Boston struggled mightily early in the season, particularly during a stretch versus quality opponents including Kansas, Louisville, and UNC, shooting a chilly 32.8% from the field and 20.0% from three. When you watched Boston you saw two things: a player with all the scoring potential in the world, and a player who is still a work in progress, physically. 

The source of Boston’s struggles is mainly physical, but he also ran into a common problem for a John Calipari player. Everyone who goes to UK is used to always having the ball in their hand on their high school teams; being shifted off-ball is a new reality to which some take longer to adjust. Tyrese Maxey had to do it, Quickley had to do it, Eric Bledsoe had to do it, and the list goes on forever.

The key difference between Boston’s experience and the others is that his point guard was also not physically ready. Devin Askew, Kentucky’s lead guard, was ineffective, to put it mildly. Terrence Clarke played seven games and took a powder, only worsening the situation, and the result was a forgettable freshman season from someone who was thought to be a top-five pick in this class. 

That will not happen. Some mock drafts have Boston sliding down as far as 29th overall. Others believe Boston could return to Lexington for a second season. Calipari himself was very cryptic when asked about Boston returning, going off on a riff about guys like Quickley and P.J. Washington returning.

Thankfully for Boston and Calipari, New York’s Kenny Payne and the influx of former Wildcats will not let Boston get lost in the abyss. As I said, the scoring potential Boston possesses is among the best in the class, and once his body fills out he can become a lethal scorer.

Under the watchful eye of Payne and the wings of Quickley, Randle, and others, Boston could take his rookie season to bulk up. Calipari himself said that Boston’s problem is not about putting the work in, it’s physical limitations. Boston will feel right at home with a team that prides itself on staying in the gym.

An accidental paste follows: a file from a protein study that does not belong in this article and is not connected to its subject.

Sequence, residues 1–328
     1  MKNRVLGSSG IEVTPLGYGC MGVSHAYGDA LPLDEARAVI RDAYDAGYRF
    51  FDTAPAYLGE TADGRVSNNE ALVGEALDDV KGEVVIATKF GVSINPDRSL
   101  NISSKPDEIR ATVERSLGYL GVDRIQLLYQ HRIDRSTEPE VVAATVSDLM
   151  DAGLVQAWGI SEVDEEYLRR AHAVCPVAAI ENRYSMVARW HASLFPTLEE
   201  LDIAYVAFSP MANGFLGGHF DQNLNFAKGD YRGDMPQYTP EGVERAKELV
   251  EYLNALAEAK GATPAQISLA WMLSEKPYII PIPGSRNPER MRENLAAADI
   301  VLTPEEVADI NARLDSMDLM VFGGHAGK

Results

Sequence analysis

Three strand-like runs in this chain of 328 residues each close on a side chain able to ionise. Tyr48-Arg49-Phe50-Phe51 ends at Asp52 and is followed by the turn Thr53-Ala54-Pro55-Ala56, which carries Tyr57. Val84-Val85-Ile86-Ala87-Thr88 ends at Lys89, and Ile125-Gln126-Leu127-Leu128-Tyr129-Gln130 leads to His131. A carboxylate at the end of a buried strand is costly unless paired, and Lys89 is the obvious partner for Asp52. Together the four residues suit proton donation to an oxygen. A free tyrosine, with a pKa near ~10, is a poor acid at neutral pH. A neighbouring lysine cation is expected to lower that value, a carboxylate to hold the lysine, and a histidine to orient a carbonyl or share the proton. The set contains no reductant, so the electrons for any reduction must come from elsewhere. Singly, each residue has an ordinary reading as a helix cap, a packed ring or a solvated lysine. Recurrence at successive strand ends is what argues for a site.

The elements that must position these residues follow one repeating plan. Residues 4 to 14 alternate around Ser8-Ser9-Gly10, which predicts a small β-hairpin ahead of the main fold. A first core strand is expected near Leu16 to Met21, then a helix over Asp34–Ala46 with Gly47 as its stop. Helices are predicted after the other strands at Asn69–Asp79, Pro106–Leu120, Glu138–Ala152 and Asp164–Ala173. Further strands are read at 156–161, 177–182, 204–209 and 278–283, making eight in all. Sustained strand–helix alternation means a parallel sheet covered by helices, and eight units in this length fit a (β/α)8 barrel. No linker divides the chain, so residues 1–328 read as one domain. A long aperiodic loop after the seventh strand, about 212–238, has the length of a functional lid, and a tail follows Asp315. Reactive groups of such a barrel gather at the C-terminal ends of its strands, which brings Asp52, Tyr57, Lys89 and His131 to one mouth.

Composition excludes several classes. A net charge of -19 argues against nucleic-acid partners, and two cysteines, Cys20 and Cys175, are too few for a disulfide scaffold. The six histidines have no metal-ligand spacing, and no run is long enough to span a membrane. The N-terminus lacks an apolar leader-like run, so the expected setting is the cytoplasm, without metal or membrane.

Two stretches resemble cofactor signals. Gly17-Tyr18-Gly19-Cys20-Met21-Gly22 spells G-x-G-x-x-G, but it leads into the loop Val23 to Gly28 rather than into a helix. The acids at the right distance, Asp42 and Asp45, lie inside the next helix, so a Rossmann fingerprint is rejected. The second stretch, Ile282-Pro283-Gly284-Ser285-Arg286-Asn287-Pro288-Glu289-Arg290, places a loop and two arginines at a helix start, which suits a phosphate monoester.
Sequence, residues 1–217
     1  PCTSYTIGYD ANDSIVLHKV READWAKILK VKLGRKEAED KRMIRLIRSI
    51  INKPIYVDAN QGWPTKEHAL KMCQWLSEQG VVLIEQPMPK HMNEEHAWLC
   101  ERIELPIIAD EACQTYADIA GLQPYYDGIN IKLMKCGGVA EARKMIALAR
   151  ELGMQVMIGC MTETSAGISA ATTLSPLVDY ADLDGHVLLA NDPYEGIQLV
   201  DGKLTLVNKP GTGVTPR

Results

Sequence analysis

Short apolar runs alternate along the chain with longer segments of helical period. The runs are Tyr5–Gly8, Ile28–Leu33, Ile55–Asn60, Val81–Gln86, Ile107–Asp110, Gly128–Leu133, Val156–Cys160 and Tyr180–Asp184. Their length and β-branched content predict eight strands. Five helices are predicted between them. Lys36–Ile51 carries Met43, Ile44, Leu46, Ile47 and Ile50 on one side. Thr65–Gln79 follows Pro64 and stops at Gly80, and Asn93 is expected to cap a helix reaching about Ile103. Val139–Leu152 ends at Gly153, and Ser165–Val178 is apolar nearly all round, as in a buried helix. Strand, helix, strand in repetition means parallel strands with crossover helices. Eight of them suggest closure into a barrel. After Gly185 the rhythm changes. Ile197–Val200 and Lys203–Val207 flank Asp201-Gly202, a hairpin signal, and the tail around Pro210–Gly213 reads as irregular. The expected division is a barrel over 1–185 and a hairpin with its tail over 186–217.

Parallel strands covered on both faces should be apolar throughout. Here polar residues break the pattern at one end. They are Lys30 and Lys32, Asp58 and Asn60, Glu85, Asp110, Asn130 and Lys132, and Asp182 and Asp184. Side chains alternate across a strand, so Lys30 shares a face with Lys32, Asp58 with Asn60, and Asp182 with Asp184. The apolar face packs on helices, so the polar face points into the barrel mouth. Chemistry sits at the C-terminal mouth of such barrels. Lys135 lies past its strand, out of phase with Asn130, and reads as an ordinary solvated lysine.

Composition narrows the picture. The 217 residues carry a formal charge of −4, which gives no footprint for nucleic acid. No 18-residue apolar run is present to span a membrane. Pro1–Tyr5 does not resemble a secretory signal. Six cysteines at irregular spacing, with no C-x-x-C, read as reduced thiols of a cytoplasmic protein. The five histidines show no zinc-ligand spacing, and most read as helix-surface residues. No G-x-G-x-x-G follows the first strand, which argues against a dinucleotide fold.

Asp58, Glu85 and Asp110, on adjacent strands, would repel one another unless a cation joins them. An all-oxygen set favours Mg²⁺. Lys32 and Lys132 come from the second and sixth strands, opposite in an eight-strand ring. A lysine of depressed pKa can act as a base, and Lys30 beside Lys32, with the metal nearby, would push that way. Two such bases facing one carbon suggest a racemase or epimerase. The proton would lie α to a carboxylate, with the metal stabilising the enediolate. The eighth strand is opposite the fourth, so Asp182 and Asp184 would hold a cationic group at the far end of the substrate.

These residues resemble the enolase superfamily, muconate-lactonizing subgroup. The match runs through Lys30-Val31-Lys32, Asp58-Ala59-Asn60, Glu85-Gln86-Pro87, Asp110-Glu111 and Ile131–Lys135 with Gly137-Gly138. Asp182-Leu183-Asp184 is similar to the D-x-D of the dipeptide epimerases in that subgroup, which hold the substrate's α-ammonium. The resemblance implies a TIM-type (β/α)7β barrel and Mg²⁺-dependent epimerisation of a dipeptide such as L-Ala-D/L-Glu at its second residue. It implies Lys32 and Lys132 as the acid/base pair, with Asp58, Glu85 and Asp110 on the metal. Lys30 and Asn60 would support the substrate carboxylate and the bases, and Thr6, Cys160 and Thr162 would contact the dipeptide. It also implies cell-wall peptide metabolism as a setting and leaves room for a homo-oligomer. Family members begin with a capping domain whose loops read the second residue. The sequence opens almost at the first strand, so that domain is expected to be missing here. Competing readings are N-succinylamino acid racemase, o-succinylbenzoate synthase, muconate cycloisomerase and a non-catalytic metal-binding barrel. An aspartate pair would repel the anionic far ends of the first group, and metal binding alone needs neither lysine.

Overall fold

The Knicks could have Boston spend the majority of his rookie season adding muscle and fine-tuning his game, either up with the main roster or in the G League. A similar plan worked wonders for former Wildcat Keldon Johnson, who the Spurs may or may not have given super solider serum this past offseason.

The team’s reluctance to utilize the G League is documented, specifically with Scott Perry, so it is not a foregone conclusion that Boston would spend the proper amount of time at Westchester. A new regime will hopefully right this wrong the team made with Kevin Knox. Boston would be a great trial run to show the effectiveness of developing while getting routine game reps.

The Knicks need a scoring punch on the wing but have the luxury of being patient. Kevin Knox has not worked out, and Ignas Brazdeikis does not seem to be gaining any traction to a main roster rotation spot. A bulked-up Boston can supply Thibodeau with a deadly wing scorer who can hit from anywhere on the floor, as the team continues its climb towards a perennial playoff team.

His practice playing off the ball will prove vital in the NBA, and sharing the floor with playmakers like Quickley, Randle, or Barrett will feel like night and day for Boston.

It can’t feel good to fall from a sure-fire lottery prospect to a mid-first-round pick. Boston’s disappointing season could be a blessing in disguise. He would be given attention in New York, and if everything plays out as it should, he could grow into a fan favorite.

Sharife Cooper
Guard, Auburn

Stats (per game): 20.2 points, 4.3 rebounds, 8.1 assists, 1.0 steals, 39.1 FG%, 22.8 3PT%, 82.5 FT%